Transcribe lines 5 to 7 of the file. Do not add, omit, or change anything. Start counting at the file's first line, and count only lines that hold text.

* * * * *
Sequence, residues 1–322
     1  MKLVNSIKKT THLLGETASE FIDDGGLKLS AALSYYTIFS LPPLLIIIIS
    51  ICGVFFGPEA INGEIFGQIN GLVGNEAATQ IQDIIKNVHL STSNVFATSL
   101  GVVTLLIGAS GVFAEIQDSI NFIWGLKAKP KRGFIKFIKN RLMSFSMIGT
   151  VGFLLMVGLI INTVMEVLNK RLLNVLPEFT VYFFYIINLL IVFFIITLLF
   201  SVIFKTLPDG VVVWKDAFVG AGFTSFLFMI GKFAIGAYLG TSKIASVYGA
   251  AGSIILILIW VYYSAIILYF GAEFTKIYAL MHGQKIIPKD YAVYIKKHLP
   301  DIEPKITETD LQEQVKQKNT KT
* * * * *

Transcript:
   151  VGFLLMVGLI INTVMEVLNK RLLNVLPEFT VYFFYIINLL IVFFIITLLF
   201  SVIFKTLPDG VVVWKDAFVG AGFTSFLFMI GKFAIGAYLG TSKIASVYGA
   251  AGSIILILIW VYYSAIILYF GAEFTKIYAL MHGQKIIPKD YAVYIKKHLP